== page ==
So there we were, taking the better part of a full day to visit Westminster Abbey, and I'm pretty sure that about all my wife saw of me while we were there was with the viewfinder of my camera pressed up to my face. (Rather like this shot from our visit to Aachen! And yes, that's a silver and gilt reliquary of Charlemagne, or Carolus Magnus, or as I like to think of him, "Big Chuck", in the background.)
Anyway, I took an unconscionable number of photographs during our visit to Westminster, and today, and for the next several posts, I am bound and determined to share some of them with you. (Lucky you!)
This set is the first of four sets of coats of arms found in the Abbey's Chapter House, hence the similar styles and settings for a number of them.
First, the arms of Margaret Beaufort, daughter of John, Duke of Somerset, who outlived four husbands, and whose son became King Henry VII.
The arms of the Bigod family, Earls of Norfolk:
The arms of Sir Reginald Bray, Chancellor of the Duchy of Lancaster. He worked a lot for Lady Margaret Beaufort (above), and had a leading role in several conspiracies to place Henry Tudor on the throne as King Henry VII. His crest (above the shield) is A hempbreak argent.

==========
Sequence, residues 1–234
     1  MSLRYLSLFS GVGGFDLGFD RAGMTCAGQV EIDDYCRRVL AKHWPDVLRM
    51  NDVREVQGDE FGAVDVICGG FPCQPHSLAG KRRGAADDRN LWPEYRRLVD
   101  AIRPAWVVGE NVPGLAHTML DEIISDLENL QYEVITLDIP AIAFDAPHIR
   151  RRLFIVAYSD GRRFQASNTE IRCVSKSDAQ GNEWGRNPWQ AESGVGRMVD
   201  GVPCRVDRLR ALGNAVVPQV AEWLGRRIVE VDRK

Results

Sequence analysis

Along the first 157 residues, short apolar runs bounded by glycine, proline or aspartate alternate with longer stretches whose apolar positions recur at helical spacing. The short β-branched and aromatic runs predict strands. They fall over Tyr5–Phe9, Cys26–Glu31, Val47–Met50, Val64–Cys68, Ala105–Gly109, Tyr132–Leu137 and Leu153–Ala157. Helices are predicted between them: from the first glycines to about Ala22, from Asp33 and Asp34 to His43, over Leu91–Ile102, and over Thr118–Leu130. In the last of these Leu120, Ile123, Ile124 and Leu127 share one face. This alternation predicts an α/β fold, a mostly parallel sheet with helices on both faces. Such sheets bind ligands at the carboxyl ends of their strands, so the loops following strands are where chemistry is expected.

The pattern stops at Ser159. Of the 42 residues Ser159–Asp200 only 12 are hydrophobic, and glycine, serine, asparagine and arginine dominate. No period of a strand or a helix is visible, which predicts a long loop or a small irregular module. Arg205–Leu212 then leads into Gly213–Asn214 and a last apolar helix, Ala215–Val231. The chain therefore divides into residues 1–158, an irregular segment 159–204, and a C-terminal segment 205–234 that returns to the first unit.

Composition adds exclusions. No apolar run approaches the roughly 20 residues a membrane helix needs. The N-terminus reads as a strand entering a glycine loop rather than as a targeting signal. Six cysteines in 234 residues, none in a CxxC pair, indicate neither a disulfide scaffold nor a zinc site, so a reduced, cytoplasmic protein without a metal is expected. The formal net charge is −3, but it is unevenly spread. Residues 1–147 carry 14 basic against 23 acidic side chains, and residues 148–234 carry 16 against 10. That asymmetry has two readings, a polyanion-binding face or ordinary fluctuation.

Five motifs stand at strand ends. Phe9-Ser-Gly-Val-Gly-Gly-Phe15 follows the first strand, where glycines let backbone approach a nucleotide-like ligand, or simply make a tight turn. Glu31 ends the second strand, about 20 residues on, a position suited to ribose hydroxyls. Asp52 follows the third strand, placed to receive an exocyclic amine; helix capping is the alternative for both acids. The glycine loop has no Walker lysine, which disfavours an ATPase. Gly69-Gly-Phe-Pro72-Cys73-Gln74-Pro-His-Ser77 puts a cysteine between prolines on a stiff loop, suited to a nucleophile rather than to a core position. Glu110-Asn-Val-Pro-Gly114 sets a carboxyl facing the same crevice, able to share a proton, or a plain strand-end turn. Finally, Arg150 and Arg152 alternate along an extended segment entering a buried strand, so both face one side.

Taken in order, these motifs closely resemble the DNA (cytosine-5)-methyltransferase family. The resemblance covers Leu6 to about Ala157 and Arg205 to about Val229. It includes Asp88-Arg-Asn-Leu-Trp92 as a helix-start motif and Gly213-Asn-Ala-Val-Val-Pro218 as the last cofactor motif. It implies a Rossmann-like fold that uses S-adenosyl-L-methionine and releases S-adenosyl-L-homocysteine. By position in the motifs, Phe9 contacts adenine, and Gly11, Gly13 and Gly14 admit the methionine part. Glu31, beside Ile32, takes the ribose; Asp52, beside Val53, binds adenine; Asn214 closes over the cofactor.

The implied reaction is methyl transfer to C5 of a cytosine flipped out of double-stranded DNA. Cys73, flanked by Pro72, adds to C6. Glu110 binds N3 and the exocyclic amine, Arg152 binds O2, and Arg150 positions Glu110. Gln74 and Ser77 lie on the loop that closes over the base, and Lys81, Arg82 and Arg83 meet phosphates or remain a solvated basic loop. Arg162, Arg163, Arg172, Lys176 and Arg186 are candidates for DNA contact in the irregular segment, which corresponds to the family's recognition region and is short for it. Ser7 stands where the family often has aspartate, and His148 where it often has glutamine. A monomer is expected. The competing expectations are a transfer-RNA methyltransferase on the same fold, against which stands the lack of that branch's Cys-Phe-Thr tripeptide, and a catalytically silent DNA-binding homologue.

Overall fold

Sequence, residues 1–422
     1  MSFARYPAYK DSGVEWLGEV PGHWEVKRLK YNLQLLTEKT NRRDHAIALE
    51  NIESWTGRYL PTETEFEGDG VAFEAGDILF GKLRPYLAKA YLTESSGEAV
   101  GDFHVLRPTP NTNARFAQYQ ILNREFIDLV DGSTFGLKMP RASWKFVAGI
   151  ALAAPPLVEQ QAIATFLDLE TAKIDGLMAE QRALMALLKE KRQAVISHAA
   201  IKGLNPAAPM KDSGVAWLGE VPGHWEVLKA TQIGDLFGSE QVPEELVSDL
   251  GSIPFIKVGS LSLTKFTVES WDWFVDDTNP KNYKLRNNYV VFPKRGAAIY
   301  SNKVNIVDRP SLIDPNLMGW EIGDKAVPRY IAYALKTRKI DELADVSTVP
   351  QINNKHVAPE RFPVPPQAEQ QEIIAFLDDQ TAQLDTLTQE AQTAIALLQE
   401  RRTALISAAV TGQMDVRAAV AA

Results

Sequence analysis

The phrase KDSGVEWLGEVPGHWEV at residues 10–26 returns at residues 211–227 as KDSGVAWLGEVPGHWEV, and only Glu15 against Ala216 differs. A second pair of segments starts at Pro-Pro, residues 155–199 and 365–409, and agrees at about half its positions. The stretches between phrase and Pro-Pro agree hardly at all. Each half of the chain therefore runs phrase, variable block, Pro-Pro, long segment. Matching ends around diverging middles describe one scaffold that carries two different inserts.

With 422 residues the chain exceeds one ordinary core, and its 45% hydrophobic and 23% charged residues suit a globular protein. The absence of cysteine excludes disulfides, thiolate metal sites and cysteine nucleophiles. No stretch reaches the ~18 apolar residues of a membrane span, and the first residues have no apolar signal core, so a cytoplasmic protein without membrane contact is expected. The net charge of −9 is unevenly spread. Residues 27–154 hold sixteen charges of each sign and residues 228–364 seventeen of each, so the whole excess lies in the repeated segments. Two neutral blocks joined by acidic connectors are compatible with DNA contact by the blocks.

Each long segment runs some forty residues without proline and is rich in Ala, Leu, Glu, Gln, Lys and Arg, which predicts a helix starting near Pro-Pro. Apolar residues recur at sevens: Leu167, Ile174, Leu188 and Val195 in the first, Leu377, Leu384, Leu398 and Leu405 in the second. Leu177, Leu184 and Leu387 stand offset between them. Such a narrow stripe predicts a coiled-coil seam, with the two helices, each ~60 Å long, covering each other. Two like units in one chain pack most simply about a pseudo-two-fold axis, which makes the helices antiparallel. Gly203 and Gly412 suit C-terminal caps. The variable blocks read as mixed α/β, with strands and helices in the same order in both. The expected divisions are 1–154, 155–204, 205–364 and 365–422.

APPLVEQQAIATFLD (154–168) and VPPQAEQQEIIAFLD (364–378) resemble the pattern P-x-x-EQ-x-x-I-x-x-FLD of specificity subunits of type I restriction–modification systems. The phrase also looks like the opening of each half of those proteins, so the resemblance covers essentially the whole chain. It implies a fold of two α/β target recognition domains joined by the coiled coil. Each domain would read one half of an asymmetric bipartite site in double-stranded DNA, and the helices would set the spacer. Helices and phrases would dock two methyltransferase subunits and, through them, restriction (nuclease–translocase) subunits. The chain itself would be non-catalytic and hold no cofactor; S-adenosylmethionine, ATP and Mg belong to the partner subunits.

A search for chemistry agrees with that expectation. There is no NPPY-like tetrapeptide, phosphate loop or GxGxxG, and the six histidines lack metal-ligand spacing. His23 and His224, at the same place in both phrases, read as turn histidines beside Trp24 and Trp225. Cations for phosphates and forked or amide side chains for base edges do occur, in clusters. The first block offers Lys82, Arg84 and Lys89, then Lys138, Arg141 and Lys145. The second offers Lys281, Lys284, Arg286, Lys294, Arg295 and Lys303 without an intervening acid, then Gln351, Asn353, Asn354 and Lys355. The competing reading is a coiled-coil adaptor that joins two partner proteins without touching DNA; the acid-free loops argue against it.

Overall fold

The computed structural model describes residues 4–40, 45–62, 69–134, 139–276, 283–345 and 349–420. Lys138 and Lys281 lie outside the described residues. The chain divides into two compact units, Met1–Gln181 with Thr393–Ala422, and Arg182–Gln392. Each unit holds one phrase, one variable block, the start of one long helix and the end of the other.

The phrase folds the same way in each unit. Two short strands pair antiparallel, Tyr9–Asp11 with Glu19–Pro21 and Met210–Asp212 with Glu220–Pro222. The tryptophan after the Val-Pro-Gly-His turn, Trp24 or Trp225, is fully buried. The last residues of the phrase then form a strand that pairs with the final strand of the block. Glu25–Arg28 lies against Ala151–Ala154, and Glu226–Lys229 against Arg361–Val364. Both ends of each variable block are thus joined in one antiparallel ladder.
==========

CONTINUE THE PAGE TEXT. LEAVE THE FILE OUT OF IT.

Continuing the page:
Geoffrey Chaucer should need no introduction or explanation. His wife, Philippa de Roet, was the daughter of Sir Gilles de Roet, an early herald.
The arms of the Clare family, who produced a number of Earls, Barons, and Knights. Elizabeth de Clare, 11th Lady of Clare, founded Clare College, Cambridge, which uses her arms impaled by those of her husband John de Burgh, all within a bordure sable goutty d'or.
The arms of William Francis Cowper-Temple, 1st Baron Mount Temple, created 1880. As he died without issue in 1888, the peerage became extinct, only to be revived in 1932 when his great nephew William Ashley was made Baron Mount Temple.
The arms of the well-known Thomas Cranmer, Archbishop of Canterbury, impaling the arms of the See of Canterbury.
The arms of Simon de Montfort, 6th Earl of Leicester, a man active in English politics and who played a major role in the constitutional development of England.
The arms of John Denham, English judge, Chief Baron of the Irish Exchequer, and father of the poet Sir John Denham.
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